Park City Municipal disclosed at their April 1st city council meeting that if the arts and culture district were to be approved at its current $107 million price tag, additional city projects would probably be put on hold for the next 10 years, including additional open space purchases. But how much open space is there left to purchase in Park City?
Park City Councilor Tim Henney cited the city’s purchase of large areas of land like Bonanza Flat, Treasure Mountain, the Armstrong Farm, and the Clark Ranch in recent years as aggressive action by the city to preserve open space. He said, in his view, there isn’t much more left to do for open space in Park City.
“I have to say, personally, I think we’ve done a tremendous job as a community over 30 or 40 years of buying open space,” Henney said. “Now, is there any open space left to buy? I, honestly, don’t believe there is, or if there is, there’s not much, so I’m not particularly concerned about not being able to fund open space the way that we have in the past inside city limits or right on our border or boundaries. I think we’ve done that.”
Summit Land Conservancy Executive Director Cheryl Fox said Henney is largely right. There aren’t many areas of open space the city could purchase right now.
“It’s a tricky question,” said Fox. “There isn’t anything right now that’s sort of coming down the road. If there was, you could be sure I would be talking to the council in closed session and saying, ‘wait, wait, wait, save some money,’ but we don’t have anything right now of that kind of magnitude.”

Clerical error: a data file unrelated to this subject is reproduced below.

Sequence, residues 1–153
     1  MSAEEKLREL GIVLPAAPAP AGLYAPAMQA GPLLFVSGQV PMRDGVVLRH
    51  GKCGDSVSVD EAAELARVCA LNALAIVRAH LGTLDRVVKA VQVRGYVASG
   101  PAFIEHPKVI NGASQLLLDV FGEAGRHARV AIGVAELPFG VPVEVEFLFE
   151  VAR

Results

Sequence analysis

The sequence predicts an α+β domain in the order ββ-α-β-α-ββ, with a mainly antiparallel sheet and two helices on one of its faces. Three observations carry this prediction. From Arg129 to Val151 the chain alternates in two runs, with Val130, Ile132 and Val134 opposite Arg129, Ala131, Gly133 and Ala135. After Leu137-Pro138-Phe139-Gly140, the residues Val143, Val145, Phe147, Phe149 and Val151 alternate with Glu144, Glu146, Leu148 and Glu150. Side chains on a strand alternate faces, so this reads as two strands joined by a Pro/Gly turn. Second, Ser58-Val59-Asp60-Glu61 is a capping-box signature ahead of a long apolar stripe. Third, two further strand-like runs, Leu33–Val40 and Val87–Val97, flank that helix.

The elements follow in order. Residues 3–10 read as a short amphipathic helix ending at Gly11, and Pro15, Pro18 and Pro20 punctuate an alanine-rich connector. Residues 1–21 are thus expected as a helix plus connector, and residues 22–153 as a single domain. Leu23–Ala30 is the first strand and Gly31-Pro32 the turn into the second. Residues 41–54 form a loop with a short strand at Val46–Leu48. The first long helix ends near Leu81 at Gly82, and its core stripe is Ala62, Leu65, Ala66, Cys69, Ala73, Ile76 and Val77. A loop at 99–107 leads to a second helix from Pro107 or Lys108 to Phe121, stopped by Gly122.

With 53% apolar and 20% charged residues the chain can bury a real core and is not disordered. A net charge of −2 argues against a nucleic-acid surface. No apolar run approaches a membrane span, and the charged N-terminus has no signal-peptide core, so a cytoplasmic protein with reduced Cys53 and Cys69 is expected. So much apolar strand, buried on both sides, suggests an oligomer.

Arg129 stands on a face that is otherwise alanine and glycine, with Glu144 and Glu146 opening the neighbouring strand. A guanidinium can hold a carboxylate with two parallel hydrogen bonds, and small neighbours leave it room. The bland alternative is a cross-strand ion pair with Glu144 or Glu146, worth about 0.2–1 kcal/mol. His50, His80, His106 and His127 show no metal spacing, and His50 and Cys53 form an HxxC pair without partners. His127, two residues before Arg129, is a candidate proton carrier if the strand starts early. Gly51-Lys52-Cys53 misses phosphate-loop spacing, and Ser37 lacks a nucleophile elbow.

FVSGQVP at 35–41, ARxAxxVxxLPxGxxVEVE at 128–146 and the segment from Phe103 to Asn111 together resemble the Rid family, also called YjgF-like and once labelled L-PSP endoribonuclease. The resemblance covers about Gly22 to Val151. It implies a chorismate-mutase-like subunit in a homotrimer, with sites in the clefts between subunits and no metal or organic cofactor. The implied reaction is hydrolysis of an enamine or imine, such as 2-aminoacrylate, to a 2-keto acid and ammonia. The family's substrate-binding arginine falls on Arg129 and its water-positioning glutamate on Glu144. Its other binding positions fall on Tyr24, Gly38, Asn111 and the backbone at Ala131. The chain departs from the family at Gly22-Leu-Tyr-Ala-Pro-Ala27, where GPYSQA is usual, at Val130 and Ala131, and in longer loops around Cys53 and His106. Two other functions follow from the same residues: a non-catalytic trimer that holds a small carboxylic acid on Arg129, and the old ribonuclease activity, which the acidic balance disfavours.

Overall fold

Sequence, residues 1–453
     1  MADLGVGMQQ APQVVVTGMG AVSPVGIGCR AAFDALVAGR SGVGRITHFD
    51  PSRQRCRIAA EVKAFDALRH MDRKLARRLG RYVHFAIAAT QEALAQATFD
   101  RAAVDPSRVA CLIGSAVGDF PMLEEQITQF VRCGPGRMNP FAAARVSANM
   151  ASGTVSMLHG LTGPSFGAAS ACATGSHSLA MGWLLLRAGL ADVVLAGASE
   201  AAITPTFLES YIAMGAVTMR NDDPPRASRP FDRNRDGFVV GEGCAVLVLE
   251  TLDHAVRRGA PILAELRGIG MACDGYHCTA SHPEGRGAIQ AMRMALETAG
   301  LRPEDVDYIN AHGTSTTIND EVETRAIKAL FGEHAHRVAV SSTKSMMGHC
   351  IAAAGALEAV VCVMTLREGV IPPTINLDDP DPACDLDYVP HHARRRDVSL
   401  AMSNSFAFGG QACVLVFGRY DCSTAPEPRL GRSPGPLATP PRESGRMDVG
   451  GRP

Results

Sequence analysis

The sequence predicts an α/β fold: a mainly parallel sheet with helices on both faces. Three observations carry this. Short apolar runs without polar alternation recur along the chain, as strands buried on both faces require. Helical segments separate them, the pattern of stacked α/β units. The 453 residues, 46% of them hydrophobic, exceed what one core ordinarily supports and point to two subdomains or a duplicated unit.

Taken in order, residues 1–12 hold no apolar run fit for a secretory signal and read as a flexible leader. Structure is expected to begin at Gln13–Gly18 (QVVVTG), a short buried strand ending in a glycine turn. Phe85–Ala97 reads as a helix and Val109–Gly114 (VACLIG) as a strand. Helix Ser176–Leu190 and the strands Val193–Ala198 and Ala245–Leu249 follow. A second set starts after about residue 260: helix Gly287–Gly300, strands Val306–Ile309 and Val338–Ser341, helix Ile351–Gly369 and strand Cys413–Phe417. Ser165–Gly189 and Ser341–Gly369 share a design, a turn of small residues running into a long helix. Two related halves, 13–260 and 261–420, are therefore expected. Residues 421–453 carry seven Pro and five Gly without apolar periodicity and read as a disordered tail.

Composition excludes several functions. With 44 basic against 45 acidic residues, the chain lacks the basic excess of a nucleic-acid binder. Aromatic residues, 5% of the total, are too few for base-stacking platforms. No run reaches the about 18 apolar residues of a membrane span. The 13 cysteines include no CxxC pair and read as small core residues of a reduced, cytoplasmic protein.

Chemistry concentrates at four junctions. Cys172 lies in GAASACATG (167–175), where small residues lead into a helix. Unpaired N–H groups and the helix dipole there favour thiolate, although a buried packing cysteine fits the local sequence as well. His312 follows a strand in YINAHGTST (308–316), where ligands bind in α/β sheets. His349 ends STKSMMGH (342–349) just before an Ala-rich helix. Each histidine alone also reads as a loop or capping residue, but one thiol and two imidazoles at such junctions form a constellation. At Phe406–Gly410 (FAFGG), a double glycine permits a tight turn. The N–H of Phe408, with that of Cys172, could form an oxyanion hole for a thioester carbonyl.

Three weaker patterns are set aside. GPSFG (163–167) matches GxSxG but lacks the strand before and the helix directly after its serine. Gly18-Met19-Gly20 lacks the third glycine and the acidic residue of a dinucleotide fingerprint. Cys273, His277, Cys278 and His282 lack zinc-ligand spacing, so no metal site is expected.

But, she said, there are areas of the city that are privately owned and not protected as open space. If the city ties up the lion’s share of their funds in the arts and culture district and the owner of one of those areas decides to sell in the next few years, a purchase like that would likely not be possible.
If and when an area of land comes up for sale is a guessing game at the moment. Fox also admitted that, in some cases, people just don’t have an interest in preserving their land as open space.
“There aren’t very many of them,” she said. “We or people that we know are in conversations with those landowners. We are a nonprofit, we can’t compel people to save their land, so we wait until people are ready to do so. In some cases, you know, they just aren’t.”
Discussions around the arts and culture district are ongoing and no final decision on the plans for the project have been made. City council is expected to revisit the project at their meeting scheduled for April 15th.